The Long Term (Sustain yourself)
7. Friends and neighbours. Your network is crucial (and bear in mind I'm a hermit). Start getting to know folk asap, because something will go wrong at some point. The easiest and fastest way to build a community is to be helpful and generous with your time and knowledge. And not to start asking for things before you’ve deposited a little into the favour bank. None of us is entitled to friends. They are earned over time. If you are in a country with another language, then you need to learn it, like, yesterday. It changes everything.
8. Veggie patch and homesteading; chickens/goats etc. Trying to start a smallholding before you’ve got your basic needs covered is a bad idea. Animals and plants need care, food, and plenty else. They give back in abundance. But often only after time. So I recommend going a little slow with your homesteading mission. It’s a step by step, long term project. Certainly, it’s one of the most rewarding aspects of the tiny, off-grid lifestyle. But it requires consistent dedication and in the first six-to-twelve months you will be busy enough getting your infrastructure up.
9. Power (solar panels/wind power etc). Notice how far down the list this is. Power is nowhere near as crucial as modern Westerners believe. And I actually recommend a while without it. It's beautiful. Solar power is now so cheap and widespread. If you are strapped for cash, you can begin with a small system to meet your basic lighting and laptop needs. I always recommend investing in rechargeable hand tools too, because you can charge their batteries even from a tiny solar system. Normal power tools with cables need a lot of juice in one go, so unless you have a generator, or a substantial solar/wind system, you’ll have trouble.
10. Income. Yeees, this is perhaps the trickiest of your off-grid requirements to realise. You don't need much income, but as I have learned over the past eight years, you do need something coming in. It deserves a post in its own right, so I’ll save that one for later.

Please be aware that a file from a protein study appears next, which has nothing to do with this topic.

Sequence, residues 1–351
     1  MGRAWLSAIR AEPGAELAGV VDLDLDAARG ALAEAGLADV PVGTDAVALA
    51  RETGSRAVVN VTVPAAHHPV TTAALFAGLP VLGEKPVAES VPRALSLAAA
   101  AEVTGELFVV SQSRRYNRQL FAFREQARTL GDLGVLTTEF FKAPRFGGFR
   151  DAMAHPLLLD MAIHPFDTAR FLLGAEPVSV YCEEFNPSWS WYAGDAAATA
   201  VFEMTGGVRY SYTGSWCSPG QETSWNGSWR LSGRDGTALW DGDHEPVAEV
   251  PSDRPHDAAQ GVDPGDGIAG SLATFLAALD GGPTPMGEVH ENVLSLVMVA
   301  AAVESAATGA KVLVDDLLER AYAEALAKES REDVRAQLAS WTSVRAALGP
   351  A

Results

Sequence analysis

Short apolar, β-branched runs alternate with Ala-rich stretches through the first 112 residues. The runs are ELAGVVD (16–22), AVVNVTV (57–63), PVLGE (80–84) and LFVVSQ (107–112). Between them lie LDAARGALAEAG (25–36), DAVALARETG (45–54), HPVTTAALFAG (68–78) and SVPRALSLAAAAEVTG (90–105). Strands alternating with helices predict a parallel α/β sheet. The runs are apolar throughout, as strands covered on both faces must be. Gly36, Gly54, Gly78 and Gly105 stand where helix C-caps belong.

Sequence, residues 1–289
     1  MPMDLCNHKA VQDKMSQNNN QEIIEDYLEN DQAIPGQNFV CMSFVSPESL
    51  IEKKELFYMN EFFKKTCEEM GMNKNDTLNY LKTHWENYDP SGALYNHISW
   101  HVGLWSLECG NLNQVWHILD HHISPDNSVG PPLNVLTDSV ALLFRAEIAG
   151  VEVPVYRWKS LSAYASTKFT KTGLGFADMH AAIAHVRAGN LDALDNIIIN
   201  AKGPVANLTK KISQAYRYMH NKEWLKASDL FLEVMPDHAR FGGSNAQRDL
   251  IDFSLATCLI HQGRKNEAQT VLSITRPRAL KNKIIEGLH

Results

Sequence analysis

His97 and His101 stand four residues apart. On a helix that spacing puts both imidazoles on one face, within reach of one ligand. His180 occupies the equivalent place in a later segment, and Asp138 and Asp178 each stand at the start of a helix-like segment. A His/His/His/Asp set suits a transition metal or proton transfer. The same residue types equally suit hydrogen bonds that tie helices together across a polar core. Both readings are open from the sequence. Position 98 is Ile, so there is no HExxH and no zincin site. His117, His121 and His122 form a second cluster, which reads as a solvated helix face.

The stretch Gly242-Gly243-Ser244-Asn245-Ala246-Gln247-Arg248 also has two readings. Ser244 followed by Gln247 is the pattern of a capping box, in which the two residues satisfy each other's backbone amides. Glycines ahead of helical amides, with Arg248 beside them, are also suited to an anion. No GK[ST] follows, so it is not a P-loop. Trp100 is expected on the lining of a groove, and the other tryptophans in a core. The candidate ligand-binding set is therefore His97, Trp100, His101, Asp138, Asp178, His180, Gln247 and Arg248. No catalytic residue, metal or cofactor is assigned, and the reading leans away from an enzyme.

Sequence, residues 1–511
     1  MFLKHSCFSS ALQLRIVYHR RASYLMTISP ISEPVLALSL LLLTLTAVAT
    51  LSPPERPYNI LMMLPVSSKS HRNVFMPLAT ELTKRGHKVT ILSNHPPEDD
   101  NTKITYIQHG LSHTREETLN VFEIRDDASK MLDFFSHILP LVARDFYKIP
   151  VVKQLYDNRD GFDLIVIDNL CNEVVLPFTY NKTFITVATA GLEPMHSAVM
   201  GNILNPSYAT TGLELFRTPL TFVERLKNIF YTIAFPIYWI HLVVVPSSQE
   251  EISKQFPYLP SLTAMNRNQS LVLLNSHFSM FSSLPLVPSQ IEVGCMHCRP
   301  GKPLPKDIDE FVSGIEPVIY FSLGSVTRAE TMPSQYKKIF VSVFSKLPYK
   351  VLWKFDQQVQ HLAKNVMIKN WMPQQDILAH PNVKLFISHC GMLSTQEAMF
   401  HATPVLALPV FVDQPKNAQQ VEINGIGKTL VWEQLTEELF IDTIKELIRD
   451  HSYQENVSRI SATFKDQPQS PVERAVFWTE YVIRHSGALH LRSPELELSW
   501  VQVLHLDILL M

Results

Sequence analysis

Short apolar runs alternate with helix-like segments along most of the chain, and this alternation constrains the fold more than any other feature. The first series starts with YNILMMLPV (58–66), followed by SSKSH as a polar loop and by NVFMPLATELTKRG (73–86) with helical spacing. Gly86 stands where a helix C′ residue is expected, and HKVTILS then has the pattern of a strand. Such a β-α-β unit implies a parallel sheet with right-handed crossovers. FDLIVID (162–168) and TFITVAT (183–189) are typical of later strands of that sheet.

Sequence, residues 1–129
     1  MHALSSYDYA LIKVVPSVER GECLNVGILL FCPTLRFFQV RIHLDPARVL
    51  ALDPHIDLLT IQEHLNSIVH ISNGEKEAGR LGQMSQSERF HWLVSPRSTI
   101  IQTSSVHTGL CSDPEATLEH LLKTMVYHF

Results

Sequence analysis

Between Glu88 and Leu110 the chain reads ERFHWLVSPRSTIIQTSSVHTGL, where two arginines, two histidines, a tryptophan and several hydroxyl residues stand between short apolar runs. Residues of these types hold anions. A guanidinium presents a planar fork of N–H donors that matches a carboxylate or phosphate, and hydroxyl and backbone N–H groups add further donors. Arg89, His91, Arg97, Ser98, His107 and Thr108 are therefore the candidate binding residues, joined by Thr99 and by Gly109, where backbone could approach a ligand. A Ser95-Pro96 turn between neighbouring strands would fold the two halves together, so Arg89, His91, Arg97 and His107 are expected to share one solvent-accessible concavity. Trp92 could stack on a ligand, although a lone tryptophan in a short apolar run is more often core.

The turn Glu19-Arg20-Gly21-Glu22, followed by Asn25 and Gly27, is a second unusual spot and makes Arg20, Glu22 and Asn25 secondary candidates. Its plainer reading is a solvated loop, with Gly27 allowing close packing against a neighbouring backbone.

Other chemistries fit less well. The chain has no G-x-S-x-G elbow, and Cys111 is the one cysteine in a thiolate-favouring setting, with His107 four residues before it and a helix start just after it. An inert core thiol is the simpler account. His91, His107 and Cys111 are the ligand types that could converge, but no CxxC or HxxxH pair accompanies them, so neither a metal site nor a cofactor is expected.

So that’s my list. I also put the question to The Mud Home Members Group, many of whom are building off-grid worlds. Here are other things folk added. I think they are all excellent pieces of advice.
“The only thing I would add is, A PLAN! I cant tell you how many clients I’ve worked with who got started without one and how many simple mistakes can be avoided by simply taking a bit of time to plan and prepare. If nothing else it will save you a ton of time going to the store to get things you forgot.” Oliver Goshey, consultant and natural building expert.
“Be realistic about what you can accomplish.” Nicodemus Ford, earthbagging in California.
“I recommend a like-minded mate to share the journey with. They'll get on your last nerve, but you'll come out of it laughing at mysterious things that no one else can really understand. I would add, take a break from time to time. Go and look at something beautiful, or just stay in bed for a day and recharge.” Cath Coffee, earthbag pioneer in the UK and tiny-off-grid-world-builder in Portugal.
“Water! Washing machine! Another decent pair of hands, and plain good energy to share in the awesomeness.” Jehane Rucquoi, earthbag pioneer in Nevada